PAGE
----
Social media, mental health and recovery

DClinPsych Thesis

Fullarton, K. 2020. Social media, mental health and recovery. DClinPsych Thesis Canterbury Christ Church University Salomons Centre for Applied Psychology
AuthorsFullarton, K.
TypeDClinPsych Thesis
Qualification nameDoctor of Clinical Psychology

Opportunities provided by Social Networking Sites (SNS) to voice opinions, challenge discourses, access information, and form networks of support have led SNS to be framed as empowering for people with mental health (MH) problems. However, existing research on the relationships between SNS and empowerment is limited and contradictory. This study aimed to build a theoretical model of this complex area. Semi-structured interviews were conducted with ten people with mental health difficulties regarding their use of SNS. Transcripts were analysed using a constructivist Grounded Theory methodology. A cyclical model was developed, representing how participants weigh up issues of safety and opportunity to gain a positive sense of MH identity, evaluate feedback and renegotiate use of SNS. The extent to which participants feel able to make stigmatised aspects of themselves ‘visible’ is key, activating empowering processes such as catharsis, feeling part of a supportive community and gaining a sense of value and purpose. If risks are perceived as outweighing rewards, participants engage in disempowering processes of censorship, or silencing and hiding stigmatised aspects, which perpetuates feelings of shame and isolation. Findings are discussed in relation to extant theories of SNS use, identity and empowerment and clinical and research implications outlined.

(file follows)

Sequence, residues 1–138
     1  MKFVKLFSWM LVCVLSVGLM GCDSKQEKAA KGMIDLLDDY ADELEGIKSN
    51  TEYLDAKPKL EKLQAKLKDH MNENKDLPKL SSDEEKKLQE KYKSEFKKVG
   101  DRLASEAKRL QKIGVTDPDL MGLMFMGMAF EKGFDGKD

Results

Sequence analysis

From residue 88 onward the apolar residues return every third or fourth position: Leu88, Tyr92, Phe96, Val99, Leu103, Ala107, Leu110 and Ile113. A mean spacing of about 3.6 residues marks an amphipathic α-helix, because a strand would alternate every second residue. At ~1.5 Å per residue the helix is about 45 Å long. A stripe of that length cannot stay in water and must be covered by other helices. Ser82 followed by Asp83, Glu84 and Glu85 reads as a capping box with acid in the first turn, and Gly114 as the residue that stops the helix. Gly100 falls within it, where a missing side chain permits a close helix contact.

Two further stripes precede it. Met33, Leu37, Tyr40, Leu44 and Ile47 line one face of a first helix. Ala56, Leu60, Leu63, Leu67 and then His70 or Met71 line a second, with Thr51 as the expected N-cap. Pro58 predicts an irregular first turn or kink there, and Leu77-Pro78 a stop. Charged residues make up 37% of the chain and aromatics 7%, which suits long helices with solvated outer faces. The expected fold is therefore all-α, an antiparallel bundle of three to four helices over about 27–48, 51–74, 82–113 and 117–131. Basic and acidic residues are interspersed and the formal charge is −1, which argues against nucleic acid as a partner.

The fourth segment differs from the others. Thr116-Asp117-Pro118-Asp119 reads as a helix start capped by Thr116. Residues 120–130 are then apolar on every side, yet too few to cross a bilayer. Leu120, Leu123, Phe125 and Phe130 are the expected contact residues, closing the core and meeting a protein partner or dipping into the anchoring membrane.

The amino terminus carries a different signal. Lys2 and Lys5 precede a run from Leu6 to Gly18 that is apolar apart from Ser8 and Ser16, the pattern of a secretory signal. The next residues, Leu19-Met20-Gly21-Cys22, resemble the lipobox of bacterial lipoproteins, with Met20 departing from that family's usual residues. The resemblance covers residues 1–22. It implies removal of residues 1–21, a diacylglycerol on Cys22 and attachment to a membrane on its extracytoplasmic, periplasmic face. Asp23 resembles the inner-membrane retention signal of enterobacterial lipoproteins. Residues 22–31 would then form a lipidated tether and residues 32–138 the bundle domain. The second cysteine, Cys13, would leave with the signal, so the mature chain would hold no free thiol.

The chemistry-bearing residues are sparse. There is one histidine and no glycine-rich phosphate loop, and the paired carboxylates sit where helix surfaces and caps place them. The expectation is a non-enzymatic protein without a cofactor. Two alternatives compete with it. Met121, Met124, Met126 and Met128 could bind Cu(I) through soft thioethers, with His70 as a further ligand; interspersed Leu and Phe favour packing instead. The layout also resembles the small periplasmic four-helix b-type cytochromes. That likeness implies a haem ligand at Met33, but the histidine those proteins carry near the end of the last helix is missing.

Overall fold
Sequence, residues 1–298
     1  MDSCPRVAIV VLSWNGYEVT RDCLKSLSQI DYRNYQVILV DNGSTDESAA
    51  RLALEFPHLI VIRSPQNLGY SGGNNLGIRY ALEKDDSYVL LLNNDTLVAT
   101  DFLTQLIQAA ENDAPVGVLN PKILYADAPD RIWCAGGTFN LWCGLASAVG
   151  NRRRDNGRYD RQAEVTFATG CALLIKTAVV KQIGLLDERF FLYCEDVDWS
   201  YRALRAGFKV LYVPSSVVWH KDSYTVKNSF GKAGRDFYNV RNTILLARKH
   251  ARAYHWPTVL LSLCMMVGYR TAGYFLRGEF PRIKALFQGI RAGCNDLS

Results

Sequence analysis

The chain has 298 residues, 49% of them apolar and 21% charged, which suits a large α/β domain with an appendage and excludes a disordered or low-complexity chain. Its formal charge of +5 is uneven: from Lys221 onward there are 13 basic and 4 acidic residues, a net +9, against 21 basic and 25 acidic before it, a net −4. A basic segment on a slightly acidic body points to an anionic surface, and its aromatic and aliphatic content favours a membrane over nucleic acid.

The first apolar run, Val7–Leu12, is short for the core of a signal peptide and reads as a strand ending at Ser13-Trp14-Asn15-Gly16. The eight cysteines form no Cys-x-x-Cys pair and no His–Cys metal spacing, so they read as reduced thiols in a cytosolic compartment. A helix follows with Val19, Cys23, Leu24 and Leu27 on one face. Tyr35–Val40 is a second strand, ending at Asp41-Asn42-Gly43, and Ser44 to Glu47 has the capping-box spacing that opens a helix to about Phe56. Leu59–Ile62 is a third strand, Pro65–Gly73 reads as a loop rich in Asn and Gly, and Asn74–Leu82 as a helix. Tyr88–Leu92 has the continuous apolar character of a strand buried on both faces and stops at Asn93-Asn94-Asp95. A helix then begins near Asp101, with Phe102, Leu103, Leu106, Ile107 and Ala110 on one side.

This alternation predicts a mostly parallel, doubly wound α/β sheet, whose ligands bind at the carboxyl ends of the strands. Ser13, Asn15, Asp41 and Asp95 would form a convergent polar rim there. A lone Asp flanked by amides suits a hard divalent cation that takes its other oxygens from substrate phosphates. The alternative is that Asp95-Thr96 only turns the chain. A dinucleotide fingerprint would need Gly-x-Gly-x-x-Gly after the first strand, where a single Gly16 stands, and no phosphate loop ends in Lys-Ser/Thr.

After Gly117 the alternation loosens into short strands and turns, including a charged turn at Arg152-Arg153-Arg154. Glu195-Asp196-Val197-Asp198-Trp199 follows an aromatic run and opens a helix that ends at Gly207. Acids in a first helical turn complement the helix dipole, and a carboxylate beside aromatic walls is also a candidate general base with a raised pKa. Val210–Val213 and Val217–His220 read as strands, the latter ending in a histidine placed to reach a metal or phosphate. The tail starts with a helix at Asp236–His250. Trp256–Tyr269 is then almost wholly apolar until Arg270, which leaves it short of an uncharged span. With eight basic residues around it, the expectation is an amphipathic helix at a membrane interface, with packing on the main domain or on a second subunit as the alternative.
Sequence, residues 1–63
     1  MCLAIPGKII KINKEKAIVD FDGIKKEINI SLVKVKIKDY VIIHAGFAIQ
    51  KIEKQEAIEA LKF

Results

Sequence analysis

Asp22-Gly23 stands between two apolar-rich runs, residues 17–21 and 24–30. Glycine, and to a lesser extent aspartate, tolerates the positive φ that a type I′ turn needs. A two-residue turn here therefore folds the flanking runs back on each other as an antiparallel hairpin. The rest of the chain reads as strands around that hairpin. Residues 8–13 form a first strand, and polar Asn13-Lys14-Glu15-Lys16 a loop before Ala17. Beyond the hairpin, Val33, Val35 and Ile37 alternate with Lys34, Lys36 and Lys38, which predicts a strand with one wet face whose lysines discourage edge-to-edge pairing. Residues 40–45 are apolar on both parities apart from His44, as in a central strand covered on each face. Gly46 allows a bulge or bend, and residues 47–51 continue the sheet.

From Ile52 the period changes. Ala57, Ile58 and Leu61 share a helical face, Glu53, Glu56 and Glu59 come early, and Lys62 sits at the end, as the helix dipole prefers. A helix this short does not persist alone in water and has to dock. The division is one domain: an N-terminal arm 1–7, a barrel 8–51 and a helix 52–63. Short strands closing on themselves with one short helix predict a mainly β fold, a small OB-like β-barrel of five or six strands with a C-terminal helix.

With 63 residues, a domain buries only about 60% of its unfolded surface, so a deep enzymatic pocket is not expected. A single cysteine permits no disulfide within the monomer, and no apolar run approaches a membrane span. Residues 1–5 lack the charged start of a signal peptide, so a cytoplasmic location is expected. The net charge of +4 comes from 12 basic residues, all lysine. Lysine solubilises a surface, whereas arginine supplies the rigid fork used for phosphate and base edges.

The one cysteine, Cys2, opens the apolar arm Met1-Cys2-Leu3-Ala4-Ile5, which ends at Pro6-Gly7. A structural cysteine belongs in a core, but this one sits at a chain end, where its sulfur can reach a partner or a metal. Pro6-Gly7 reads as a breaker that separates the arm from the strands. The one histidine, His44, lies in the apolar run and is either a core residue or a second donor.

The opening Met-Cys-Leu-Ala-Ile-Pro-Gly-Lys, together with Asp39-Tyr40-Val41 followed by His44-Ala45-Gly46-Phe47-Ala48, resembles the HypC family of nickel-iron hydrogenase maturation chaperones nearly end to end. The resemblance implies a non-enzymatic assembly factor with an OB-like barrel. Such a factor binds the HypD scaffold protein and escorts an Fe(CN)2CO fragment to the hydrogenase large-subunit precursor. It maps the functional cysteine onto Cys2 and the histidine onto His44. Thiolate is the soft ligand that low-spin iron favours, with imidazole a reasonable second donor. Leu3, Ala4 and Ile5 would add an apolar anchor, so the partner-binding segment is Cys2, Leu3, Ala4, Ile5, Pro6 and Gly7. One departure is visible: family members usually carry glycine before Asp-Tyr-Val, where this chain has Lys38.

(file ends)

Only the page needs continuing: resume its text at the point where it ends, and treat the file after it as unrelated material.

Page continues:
KeywordsSocial Media; Empowerment; Identity; Stigma; Mental health
File Access Level
Supplemental file
File Access Level
Publication process dates
Deposited12 Oct 2020
Permalink -

  • 32
    total views
  • 7
    total downloads
  • 5
    views this month
  • 0
    downloads this month

Export as